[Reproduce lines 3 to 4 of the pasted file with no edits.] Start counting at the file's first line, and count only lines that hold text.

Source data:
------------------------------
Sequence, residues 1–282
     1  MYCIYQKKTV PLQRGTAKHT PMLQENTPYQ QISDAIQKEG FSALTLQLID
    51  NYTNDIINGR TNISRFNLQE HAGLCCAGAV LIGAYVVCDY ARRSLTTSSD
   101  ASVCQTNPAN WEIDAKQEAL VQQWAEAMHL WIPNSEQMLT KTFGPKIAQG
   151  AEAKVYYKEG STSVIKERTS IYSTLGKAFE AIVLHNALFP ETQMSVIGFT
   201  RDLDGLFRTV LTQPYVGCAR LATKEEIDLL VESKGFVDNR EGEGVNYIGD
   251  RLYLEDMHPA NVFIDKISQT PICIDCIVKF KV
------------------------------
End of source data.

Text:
    51  NYTNDIINGR TNISRFNLQE HAGLCCAGAV LIGAYVVCDY ARRSLTTSSD
   101  ASVCQTNPAN WEIDAKQEAL VQQWAEAMHL WIPNSEQMLT KTFGPKIAQG